Karst landscape of the limestone formations in the Burren Clare

The Karst landscape found within The Burren, County Clare
A karstic plateau, the Burren in County Clare is arguably Ireland’s most extraordinary landscape. A treasured part of the county, guided walks and hikes are available – all are free but booking is required. Established in 1991, the park is rich in flora and fauna and home to 1,100 species of the 1,400 plants in Ireland. One of the world’s finest examples of a glacio-karst landscape, the majority of the 1,500-hectare area has been designated as a Special Area of Conservation under the EU Habitats Directive, while the annual Burren Rocks Festival combines adventure with geology and the landscape. Meanwhile, the Burren in Bloom Festival takes place in the spring giving visitors a fun understanding and appreciation of the region.

The Burren is home to colourful and varied wildlife, including a range of bat species, badgers, feral goats and red foxes in addition to lively amphibians and reptiles. You’ll find birds like hawks, falcons, swans, cuckoos, owls and much more. From a botanical point of view, the Burren is regarded as one of the most fascinating regions in Western Europe thanks to a range of plants normally found in separate parts of the continent growing alongside one another. Remember to follow the Burren Code when visiting and follow the Leave No Trace guidelines to help keep this landscape thriving and unique! The park is open all year round and easy to access. Click here for the best way to get there.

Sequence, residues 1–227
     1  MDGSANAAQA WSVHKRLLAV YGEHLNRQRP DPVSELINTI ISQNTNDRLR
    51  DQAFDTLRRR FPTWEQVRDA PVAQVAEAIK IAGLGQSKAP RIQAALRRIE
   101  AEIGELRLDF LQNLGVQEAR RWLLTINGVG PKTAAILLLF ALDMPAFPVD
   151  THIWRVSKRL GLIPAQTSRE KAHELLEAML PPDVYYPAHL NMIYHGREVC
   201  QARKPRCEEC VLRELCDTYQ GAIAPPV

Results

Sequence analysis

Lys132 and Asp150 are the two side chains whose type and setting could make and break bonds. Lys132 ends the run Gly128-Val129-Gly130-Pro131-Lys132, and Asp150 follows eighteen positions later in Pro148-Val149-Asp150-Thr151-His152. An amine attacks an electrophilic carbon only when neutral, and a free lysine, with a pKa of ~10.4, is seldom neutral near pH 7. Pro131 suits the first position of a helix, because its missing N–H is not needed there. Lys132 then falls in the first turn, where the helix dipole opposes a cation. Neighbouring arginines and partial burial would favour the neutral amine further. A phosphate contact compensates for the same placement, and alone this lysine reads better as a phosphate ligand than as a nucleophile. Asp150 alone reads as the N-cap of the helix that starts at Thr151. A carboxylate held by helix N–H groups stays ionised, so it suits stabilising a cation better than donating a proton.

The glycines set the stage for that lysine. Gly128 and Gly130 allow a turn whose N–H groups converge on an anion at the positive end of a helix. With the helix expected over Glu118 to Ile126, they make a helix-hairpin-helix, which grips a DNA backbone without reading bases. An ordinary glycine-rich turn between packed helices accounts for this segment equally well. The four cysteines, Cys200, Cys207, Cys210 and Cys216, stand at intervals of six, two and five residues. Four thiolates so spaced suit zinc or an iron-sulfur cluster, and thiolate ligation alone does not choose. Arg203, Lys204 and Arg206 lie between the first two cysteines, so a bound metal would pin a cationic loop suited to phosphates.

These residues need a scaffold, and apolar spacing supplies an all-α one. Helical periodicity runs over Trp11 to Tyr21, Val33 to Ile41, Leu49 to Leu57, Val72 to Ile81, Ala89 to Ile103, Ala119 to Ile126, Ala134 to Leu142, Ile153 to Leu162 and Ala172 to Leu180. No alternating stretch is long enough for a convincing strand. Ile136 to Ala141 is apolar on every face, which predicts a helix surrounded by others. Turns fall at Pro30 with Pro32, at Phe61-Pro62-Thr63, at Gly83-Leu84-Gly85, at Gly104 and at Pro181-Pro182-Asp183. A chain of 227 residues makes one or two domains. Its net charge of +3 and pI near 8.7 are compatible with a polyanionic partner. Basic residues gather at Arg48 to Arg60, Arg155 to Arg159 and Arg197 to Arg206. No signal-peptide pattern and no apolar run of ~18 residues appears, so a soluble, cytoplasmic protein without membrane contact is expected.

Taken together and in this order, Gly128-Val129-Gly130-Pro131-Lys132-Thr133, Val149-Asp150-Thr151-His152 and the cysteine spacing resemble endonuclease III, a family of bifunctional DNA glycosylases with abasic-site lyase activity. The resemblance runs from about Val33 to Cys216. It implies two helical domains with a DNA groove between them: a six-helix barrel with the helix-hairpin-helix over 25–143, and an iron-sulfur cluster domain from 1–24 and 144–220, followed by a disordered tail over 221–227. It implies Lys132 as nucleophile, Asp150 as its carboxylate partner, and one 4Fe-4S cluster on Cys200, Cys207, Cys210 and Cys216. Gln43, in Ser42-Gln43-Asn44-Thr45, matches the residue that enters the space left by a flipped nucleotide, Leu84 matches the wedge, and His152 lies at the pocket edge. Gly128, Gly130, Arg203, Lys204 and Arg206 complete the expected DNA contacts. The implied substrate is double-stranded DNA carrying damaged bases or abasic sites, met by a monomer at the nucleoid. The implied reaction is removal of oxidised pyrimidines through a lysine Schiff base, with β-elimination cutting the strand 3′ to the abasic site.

DID YOU KNOW? Despite the unique nature of the land, farming in the Burren is a dedicated practice. The rock acts as a giant storage heater, absorbing heat from the sun in the summer and releasing it in the winter. This provides enough heat to extend the growing season thus providing enough grazing for the livestock throughout the winter.

Unique Experience: The Burren in Bloom Festival takes place in the spring giving visitors a fun understanding and appreciation of the Burren.


Flora and fauna in Killarney National Park Kerry

Taking a cheeky bite out of Killarney National Park, County Kerry